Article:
Additional Information

How to cite this article: Manunza, A. et al. Population structure of eleven Spanish ovine breeds and detection of selective sweeps with BayeScan and hapFLK. Sci. Rep. 6, 27296; doi: 10.1038/srep27296 (2016).

References

  1. 1.

    Genetic aspects of domestication, common breeds and their origin. In: The Genetics of Sheep (Eds. & ) 13–49 (CAB International, New York, USA, 1997).

  2. 2.

    Haplotype-based analysis of selective sweeps in sheep. Genome 57, 433–7 (2014).

  3. 3.

    , & The genetics of human adaptation: hard sweeps, soft sweeps, and polygenic adaptation. Curr Biol. 20, R208–15 (2010).

  4. 4.

    et al. Selection in action: dissecting the molecular underpinnings of the increasing muscle mass of Belgian Blue Cattle. BMC Genomics 15, 796 (2014).

  5. 5.

    , & Genome-wide scans for footprints of natural selection. Philos Trans R Soc Lond B Biol Sci. 365, 185–205 (2010).

  6. 6.

    , , , & Genomic scan of selective sweeps in thin and fat tail sheep breeds for identifying of candidate regions associated with fat deposition. BMC Genet. 13, 10 (2012).

  7. 7.

    et al. Selection signatures in worldwide sheep populations. PLoS One 9, e103813 (2014).

  8. 8.

    et al. Application of selection mapping to identify genomic regions associated with dairy production in sheep. PLoS One 9, e94623 (2014).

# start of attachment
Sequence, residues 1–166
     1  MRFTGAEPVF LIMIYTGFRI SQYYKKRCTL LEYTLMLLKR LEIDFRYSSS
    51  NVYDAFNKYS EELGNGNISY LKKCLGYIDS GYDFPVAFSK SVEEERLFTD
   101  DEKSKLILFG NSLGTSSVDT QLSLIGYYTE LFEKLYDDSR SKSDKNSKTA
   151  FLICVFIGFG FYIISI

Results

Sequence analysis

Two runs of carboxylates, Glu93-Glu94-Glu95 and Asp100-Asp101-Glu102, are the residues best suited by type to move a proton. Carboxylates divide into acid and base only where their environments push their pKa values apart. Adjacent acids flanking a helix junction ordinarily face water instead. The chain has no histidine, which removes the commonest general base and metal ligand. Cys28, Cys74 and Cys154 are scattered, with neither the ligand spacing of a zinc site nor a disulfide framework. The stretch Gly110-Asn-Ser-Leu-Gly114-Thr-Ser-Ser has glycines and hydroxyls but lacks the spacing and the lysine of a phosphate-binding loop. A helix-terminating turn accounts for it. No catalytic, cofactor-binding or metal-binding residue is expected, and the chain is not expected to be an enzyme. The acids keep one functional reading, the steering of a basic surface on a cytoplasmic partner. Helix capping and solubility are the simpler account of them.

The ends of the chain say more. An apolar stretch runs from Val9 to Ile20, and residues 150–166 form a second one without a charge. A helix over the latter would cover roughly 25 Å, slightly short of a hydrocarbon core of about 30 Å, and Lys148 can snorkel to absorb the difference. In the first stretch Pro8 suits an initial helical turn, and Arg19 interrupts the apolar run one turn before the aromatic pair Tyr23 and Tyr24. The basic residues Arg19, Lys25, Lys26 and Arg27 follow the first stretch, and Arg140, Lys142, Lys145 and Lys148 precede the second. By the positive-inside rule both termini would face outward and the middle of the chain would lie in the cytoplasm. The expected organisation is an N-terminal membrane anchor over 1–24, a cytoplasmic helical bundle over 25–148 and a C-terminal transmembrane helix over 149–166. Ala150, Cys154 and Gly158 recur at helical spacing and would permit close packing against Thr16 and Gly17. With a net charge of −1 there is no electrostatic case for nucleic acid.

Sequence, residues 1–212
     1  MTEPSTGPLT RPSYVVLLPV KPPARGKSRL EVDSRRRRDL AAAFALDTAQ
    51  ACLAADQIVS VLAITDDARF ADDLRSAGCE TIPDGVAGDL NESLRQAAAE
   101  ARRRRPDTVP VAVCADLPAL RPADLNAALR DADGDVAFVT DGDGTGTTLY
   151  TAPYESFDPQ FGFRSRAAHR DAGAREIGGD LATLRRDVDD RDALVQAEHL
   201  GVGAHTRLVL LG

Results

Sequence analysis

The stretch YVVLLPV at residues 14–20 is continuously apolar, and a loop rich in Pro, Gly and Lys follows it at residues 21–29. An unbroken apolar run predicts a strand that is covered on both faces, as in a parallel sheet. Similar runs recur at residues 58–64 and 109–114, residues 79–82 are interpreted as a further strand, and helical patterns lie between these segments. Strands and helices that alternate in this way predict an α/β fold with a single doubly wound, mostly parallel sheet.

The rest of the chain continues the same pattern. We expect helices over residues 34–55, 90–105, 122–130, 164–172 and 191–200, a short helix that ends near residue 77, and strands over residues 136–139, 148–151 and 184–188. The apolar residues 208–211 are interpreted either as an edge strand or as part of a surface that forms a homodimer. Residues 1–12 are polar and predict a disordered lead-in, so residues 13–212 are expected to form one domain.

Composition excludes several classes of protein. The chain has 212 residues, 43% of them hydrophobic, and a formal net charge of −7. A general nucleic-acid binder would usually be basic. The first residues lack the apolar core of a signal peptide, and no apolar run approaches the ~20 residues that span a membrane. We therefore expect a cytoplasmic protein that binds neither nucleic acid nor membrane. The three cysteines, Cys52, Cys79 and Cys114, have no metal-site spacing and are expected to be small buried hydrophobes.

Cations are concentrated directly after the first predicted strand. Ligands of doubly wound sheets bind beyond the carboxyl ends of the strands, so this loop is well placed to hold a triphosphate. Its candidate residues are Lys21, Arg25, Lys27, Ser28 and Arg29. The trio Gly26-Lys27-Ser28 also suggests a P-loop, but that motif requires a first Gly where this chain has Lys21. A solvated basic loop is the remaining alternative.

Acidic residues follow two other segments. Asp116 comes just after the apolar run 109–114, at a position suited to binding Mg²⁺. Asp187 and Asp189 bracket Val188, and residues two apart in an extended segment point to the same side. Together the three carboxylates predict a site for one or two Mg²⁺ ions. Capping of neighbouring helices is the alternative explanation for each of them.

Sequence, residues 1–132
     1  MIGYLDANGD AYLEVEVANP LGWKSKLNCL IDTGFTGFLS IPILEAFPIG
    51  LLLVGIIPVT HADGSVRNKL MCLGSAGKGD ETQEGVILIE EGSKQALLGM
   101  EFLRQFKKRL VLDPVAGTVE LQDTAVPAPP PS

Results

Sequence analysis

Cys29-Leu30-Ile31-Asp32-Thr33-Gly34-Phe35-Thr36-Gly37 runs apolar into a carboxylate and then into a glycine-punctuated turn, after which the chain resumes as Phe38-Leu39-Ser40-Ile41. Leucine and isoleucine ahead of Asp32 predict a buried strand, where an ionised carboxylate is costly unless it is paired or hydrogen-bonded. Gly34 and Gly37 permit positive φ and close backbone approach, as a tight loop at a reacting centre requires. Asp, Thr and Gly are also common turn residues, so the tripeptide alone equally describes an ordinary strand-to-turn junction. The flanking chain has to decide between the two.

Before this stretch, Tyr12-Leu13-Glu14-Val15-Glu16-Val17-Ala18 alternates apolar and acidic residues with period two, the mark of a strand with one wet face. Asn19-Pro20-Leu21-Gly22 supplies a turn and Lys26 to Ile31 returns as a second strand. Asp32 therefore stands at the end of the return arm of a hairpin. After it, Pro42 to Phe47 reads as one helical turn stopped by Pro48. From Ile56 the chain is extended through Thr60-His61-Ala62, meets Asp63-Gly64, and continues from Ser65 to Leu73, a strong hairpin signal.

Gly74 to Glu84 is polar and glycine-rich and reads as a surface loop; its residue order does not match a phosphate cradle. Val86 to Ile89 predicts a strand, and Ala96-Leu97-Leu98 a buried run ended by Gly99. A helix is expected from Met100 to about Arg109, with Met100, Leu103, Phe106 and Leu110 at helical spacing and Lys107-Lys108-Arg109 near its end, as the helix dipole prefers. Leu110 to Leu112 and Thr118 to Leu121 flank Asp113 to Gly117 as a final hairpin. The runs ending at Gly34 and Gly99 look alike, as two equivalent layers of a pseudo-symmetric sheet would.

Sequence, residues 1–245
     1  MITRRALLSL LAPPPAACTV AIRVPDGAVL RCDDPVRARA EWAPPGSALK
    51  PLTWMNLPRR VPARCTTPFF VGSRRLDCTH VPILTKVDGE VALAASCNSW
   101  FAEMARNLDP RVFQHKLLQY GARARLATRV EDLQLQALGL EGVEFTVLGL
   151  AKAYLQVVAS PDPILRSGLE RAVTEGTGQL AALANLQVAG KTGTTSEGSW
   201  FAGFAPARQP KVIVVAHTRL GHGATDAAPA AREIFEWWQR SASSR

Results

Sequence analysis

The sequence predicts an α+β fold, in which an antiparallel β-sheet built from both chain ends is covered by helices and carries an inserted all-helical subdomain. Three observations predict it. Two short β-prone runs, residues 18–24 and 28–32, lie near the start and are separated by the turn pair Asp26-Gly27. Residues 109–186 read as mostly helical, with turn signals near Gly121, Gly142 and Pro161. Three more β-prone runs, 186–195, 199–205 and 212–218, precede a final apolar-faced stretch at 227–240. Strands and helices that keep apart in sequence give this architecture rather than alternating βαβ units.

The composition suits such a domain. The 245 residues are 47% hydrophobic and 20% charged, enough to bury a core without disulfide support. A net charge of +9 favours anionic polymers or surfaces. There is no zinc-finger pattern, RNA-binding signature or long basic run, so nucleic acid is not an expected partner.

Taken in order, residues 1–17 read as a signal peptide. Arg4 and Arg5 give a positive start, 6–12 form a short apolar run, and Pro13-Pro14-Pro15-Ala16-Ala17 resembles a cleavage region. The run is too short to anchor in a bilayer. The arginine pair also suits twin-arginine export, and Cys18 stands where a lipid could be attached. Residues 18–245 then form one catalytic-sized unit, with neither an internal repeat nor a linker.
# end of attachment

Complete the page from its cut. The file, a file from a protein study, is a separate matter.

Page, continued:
9. 9.

    et al. Adaptations to climate-mediated selective pressures in sheep. Mol Biol Evol. 31, 3324–43 (2014).

  10. 10.

    et al. Genome-wide analysis of the world’s sheep breeds reveals high levels of historic mixture and strong recent selection. PLoS Biol. 10, e1001258 (2012).

  11. 11.

    , , , & The wool-less Canary sheep and their relationship with the present breeds in America. AGRI 28, 27–34 (2000).

  12. 12.

    Ethnographic and linguistic evidence for the prehistory of African ruminant livestock, horses and ponies. In: The archaeology of Africa: food, metals and towns (Eds. , , & ), Routledge, Abingdon UK, pp.78–81 (1993).

  13. 13.

    et al. The maternal aborigine colonization of La Palma (Canary Islands). Eur J Hum Genet. 17, 1314–24 (2009).

  14. 14.

    , , , & Origin and influences of canarian sheep. Arch. Zootec. 47, 511–16 (1998).

  15. 15.

    et al. Mitochondrial analysis sheds light on the origin of hair sheep. Anim Genet. 44, 344–7 (2013).

  16. 16.

    Razas ovinas. Orígenes y aptitudes. Ovis 5, 9–19 (1989).

  17. 17.

    et al. Genomic scans for selective sweeps using SNP data. Genome Res. 15, 1566–75 (2005).